Cynthia Bulik, a Distinguished Professor of eating disorders at UNC, has been awarded up to $7.2 million to conduct the largest and most rigorous genetic initiative in eating disorders ever undertaken.
Funded by the Klarman Family Foundation, the Anorexia Nervosa Genetics Initiative, or ANGI, will collect clinical information and blood samples from more than 8,000 individuals, both women and men, who have had anorexia nervosa at any point in their lives and those without an eating disorder in an effort to detect genes that contribute to this potentially life-threatening illness.
“Genomewide association studies have been enormously successful in identifying genes that contribute to a range of medical and psychiatric conditions. These discoveries have opened up new avenues of understanding of both cause and cure,” Bulik said. “Once we identify genetic associations in ANGI, we will use the information to develop better strategies to detect, treat and prevent anorexia nervosa.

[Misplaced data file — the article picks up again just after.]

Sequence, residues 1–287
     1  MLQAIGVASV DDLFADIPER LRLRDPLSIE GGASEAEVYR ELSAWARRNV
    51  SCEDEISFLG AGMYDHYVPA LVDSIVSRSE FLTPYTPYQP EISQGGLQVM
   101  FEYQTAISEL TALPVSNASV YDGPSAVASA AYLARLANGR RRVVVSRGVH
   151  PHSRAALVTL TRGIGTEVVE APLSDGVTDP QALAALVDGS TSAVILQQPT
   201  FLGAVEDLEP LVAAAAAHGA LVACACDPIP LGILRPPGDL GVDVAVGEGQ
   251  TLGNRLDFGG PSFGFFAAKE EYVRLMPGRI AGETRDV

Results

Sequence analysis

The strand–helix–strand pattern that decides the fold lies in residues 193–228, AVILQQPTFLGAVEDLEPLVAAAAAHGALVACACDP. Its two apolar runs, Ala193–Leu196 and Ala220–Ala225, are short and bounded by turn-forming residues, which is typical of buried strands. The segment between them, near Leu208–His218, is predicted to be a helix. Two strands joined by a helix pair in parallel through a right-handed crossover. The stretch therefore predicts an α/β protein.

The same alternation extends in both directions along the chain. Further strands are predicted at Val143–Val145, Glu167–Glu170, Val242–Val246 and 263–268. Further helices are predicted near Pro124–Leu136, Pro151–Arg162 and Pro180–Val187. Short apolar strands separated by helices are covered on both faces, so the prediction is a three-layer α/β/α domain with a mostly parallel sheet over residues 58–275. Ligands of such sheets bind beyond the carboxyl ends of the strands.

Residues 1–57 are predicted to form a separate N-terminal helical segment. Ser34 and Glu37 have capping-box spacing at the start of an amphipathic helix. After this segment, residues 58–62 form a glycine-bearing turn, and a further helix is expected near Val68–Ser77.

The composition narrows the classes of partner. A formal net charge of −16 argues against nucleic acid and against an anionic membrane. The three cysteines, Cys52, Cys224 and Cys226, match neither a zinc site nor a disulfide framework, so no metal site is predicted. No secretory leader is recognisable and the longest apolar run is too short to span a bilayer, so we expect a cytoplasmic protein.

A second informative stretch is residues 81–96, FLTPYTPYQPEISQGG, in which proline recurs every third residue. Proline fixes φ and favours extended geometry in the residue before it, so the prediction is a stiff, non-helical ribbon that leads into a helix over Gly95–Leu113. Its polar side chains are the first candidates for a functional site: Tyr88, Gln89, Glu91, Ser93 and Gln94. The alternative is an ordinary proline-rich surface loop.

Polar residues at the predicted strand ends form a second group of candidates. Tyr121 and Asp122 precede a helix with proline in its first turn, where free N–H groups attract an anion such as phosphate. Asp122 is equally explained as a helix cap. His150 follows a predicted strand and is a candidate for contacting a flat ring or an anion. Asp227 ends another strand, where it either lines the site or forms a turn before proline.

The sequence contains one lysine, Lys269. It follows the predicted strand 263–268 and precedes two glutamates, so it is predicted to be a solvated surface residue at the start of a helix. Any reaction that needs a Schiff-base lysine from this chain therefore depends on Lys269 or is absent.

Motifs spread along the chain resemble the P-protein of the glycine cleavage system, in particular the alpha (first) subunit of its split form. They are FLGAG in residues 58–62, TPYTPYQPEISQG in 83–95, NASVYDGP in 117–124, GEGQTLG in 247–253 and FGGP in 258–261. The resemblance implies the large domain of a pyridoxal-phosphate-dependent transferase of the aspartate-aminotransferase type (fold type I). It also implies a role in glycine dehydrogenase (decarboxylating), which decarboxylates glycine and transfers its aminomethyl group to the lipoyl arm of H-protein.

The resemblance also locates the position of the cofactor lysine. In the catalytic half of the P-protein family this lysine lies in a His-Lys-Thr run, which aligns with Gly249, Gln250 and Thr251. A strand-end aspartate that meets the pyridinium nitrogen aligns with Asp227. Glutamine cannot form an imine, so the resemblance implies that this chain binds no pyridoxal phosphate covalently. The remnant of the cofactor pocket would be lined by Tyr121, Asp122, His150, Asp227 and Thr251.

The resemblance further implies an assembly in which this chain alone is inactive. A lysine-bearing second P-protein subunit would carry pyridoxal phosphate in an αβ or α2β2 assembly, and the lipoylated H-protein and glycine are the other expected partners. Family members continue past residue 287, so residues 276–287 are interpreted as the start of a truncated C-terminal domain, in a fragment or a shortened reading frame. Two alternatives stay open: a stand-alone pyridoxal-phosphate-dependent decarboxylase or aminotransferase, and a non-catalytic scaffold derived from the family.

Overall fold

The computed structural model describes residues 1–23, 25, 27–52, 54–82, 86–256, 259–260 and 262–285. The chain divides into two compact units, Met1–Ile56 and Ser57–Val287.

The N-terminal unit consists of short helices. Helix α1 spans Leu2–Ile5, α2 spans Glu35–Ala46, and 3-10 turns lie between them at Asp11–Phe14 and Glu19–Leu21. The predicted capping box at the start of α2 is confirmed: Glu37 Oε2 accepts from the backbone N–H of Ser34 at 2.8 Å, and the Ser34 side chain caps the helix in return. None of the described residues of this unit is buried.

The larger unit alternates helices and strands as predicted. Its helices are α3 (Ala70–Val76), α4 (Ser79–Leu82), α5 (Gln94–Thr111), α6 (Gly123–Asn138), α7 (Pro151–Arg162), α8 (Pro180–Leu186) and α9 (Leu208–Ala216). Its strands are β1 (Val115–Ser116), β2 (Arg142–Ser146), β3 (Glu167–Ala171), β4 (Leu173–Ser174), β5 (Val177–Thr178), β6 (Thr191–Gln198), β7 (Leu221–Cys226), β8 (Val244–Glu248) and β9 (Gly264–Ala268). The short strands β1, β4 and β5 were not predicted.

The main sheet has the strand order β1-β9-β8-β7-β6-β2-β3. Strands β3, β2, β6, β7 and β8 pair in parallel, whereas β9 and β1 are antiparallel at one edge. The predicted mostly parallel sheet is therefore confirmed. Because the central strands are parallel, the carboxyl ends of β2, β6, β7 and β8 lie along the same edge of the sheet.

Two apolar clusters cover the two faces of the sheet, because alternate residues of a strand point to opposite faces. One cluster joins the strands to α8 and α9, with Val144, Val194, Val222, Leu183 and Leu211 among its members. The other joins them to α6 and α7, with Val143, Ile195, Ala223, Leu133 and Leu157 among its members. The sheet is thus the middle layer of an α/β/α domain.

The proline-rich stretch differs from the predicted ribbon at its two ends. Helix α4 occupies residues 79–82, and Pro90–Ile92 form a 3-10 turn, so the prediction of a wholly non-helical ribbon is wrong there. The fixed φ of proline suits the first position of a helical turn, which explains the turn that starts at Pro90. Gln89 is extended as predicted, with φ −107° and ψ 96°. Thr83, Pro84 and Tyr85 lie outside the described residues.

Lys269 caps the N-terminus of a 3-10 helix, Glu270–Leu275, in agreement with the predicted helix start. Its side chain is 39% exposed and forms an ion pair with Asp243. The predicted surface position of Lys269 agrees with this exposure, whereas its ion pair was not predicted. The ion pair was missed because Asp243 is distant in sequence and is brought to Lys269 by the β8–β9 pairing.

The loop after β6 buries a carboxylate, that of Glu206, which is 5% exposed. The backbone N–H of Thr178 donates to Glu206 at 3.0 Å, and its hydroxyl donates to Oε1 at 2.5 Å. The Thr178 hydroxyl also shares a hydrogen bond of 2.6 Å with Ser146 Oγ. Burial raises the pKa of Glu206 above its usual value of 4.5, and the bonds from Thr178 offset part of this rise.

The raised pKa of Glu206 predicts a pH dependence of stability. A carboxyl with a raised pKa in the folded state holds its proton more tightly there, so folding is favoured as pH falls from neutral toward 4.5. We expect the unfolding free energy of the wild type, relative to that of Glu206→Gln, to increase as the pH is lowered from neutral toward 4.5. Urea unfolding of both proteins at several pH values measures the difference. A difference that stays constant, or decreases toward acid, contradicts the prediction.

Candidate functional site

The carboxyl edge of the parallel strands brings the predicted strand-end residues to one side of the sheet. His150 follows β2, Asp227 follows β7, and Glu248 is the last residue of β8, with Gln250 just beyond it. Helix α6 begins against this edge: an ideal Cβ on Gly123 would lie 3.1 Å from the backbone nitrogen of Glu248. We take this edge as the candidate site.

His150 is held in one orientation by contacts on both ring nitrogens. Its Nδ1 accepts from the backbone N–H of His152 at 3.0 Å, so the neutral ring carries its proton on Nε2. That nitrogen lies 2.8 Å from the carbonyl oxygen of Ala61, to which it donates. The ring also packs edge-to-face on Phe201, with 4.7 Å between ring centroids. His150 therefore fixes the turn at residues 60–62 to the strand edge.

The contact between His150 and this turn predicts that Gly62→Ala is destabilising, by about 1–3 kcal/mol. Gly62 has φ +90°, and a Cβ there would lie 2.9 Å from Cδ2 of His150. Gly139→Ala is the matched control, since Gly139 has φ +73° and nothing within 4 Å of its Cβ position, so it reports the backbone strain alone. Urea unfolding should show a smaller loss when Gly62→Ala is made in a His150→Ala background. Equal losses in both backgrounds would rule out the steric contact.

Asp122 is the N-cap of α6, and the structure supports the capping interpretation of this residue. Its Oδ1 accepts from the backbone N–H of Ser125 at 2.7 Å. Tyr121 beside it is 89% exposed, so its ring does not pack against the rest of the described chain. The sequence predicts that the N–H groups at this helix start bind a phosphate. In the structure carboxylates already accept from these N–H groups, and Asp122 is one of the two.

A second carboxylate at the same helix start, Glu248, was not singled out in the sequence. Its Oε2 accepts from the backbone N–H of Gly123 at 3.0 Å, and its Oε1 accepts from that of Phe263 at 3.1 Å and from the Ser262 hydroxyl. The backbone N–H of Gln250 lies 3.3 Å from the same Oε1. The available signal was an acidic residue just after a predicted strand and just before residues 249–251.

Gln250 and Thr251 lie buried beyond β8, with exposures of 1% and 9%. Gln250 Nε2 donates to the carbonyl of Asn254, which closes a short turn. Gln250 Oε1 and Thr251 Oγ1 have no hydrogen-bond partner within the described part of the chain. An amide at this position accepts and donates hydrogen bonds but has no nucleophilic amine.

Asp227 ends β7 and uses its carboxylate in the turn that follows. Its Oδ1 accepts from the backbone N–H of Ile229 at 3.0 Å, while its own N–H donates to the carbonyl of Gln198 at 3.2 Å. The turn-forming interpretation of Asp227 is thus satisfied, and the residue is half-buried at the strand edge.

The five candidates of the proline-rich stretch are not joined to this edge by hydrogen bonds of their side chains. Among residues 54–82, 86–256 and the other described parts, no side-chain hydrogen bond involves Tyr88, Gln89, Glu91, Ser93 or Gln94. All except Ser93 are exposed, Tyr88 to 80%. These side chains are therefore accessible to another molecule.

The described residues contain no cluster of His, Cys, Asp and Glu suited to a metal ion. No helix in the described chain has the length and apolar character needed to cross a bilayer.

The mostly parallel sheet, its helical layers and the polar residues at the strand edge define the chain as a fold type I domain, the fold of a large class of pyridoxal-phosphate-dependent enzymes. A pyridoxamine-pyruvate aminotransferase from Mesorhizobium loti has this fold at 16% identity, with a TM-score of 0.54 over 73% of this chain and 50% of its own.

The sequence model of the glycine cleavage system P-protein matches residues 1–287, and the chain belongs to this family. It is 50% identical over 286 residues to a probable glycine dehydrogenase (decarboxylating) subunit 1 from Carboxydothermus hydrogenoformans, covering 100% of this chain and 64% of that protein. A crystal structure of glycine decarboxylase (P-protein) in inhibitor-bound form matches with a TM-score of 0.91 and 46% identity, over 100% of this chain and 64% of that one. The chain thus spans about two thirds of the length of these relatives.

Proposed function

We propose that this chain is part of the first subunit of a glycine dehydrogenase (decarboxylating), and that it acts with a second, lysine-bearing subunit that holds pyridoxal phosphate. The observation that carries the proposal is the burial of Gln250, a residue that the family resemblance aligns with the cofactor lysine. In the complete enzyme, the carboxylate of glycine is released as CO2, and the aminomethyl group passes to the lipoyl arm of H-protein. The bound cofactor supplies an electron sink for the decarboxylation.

“If our project is successful, it will change the life course of millions of individuals with anorexia and their families.”
Each person’s complete set of DNA, or genome, will be purified from a blood sample, placed on tiny chips and scanned on automated laboratory machines. The machines quickly survey each participant’s genome for strategically selected markers of genetic variation, which are called single nucleotide polymorphisms, or SNPs. If certain genetic variations are found to be significantly more frequent in people with anorexia compared with people without anorexia, the variations are said to be associated with the disease. The associated genetic variations can serve as powerful pointers to the region of the human genome where the disease-causing problem resides.
Bulik, director of UNC’s Center of Excellence for Eating Disorders, is the lead principal investigator for ANGI, which also includes researchers from the Karolinska Institutet in Stockholm, Sweden; the Queensland Institute of Medical Research in Brisbane, Australia; and Aarhus University in Aarhus, Denmark.
Joining Bulik at UNC are Dr. Patrick Sullivan, a professor in the departments of genetics and psychiatry and director of UNC’s Center for Psychiatric Genomics; and Laura Thornton, associate professor in the department of psychiatry.
ANGI was established in 2013 by the Klarman Family Foundation, a private foundation based in Boston. The foundation used a competitive, peer-review process to select Bulik’s research proposal.